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The Scientific Explanation on Why We Attract What We Are

The Scientific Explanation on Why We Attract What We Are

Have you ever noticed a pattern in your romantic relationships? We tend to have very specific behaviors with our partners and these behaviors tend to repeat themselves. Maybe you’ve been called “clingy” a couple times? Or maybe you run from relationship problems rather than work through them. Whatever your particular relationship pattern, it can all be explained by attachment theory.

Attachment theory helps explain the attachment style we use in our adult relationships. Understanding this, is the key to finding a lasting relationship.

Your attachment style determines who you attract.

How can understanding attachment theory help you find a partner? Well, your attachment style affects every aspect of your romantic relationships, from being attracted to a particular person to how the breakup goes.[1] Learning more about your attachment style, helps you learn more about your personal needs and how to get those needs met.[2]

Attachment theory can help you understand what strengths and weaknesses you bring to a relationship and how you can make those traits work in your favor. The more you understand your attachment style, the more likely you are to find somebody that matches and complements that style.

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We are all wired to one of the 4 types of attachment styles.

According to attachment theory, there are 4 types of attachment styles[3]:

1. Secure Attachment

If you experienced a secure relationship with your parents and grew up feeling safe to grow and explore independently, you probably have secure attachment. This means that you tend to feel secure and close to your partner, but still respect each person’s independence in the relationship.

2. Anxious Preoccupied Attachment

If you have an anxious preoccupied attachment style, it might be hard for you to feel satisfied in your romantic relationships. In fact, you might be described as clingy or possessive as you rely on your partner to make you feel happy or to help you overcome your fears. You might even spend a lot of time worried that you will lose your significant other.

3. Dismissive Avoidant Attachment

If you are a dismissive avoidant, attachment theory says that you tend to isolate yourself from your partner. You might come off as unconcerned with your relationship and may go so far as to say that having a romantic partner isn’t that important. You try to avoid emotional connection with another person.

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4. Fearful Avoidant Attachment

If you have fearful avoidant attachment, you probably experience two kinds of fear simultaneously: the fear of letting yourself get to close to your partner and the fear of being too distant with your partner. Living in this constant state of confusion takes a toll on your emotions. People have probably told you that you’re emotional and unpredictable because your moods tend to change dramatically and with no warning.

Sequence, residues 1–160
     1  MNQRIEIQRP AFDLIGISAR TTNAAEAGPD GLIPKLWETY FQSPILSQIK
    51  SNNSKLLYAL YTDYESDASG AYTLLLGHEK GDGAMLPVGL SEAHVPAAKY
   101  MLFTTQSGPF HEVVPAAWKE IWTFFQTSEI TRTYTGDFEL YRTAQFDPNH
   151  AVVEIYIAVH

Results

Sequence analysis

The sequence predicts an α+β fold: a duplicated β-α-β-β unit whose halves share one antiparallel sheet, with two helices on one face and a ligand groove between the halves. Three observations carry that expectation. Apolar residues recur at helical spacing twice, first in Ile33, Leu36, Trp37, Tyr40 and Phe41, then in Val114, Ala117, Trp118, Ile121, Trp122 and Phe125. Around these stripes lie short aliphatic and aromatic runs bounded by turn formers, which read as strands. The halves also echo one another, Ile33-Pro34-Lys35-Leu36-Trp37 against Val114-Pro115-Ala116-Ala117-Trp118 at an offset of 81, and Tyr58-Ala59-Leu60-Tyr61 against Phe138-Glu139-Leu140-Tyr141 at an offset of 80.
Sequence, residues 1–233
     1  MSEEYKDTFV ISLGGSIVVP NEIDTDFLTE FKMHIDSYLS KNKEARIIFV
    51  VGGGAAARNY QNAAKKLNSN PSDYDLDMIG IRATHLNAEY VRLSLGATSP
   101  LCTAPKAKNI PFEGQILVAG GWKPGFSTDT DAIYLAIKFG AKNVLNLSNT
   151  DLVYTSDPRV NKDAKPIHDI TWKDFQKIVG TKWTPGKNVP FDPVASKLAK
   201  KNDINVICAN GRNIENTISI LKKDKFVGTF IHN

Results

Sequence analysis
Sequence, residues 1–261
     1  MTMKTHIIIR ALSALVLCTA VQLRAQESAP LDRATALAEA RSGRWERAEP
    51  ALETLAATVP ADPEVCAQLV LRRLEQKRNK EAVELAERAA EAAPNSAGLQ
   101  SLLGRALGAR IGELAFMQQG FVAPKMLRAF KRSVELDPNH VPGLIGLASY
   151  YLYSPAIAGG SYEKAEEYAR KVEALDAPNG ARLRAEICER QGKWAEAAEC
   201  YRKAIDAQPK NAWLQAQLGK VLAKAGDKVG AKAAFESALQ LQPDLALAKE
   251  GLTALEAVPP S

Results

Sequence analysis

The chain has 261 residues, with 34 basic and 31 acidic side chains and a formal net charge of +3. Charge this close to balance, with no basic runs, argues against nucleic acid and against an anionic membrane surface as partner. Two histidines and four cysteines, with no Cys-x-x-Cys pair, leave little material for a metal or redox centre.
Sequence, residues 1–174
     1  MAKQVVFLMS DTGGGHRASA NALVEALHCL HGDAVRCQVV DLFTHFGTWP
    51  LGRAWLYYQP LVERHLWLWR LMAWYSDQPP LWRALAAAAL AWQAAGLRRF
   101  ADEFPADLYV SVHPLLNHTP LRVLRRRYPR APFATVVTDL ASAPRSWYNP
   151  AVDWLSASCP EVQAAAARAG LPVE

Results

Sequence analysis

According to research, around 50% of the general population has a secure attachment style, 20% has an anxious attachment style, and 25% has an avoidant attachment style.[4]

In the dating world, that is single and available adults, you’re more likely to find somebody who fits one of the avoidant attachment styles. Why? Because people with secure attachment have a higher probability of being in a committed relationship.[5]

So, you’ve looked over the relationship styles of attachment theory and think you know which category you fit in. So now how do use that information to help you find a lasting relationship?

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Some people tend to be drawn to a specific type of people.

Attachment theory tells us that people with certain attachment styles tend to be drawn to somebody of a complementary nature. What does this mean? If you’re an anxious or avoidant person, you might find a secure person to be a little boring. You crave drama, mistakenly believing it is the same as sharing romantic chemistry. A securely attached person isn’t going to provide that.

As a result, avoidant and anxious people often end up together. Two avoidant people make for barely there relationship; both people spend all their time avoiding each other. Two anxious people make for an unpredictable and high stress relationship; each convinced the other is going to abandon them.

But an anxious and an avoidant person together? These 2 attachment styles complement each other in that an anxious person is willing to wait around for their avoidant partner to commit to the relationship. This anxious attachment actually validates avoidant behavior by letting the avoidant know their behavior will be tolerated.[6]

Securely attached individuals can be with any of the style according to attachment theory. This is because they can validate their partner’s feelings and help them overcome their fears. So how can you achieve a secure attachment style?

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It’s possible to change your attachment style.

First, you need to accept your attachment type by being honest with yourself. If you are an anxious partner, admit it.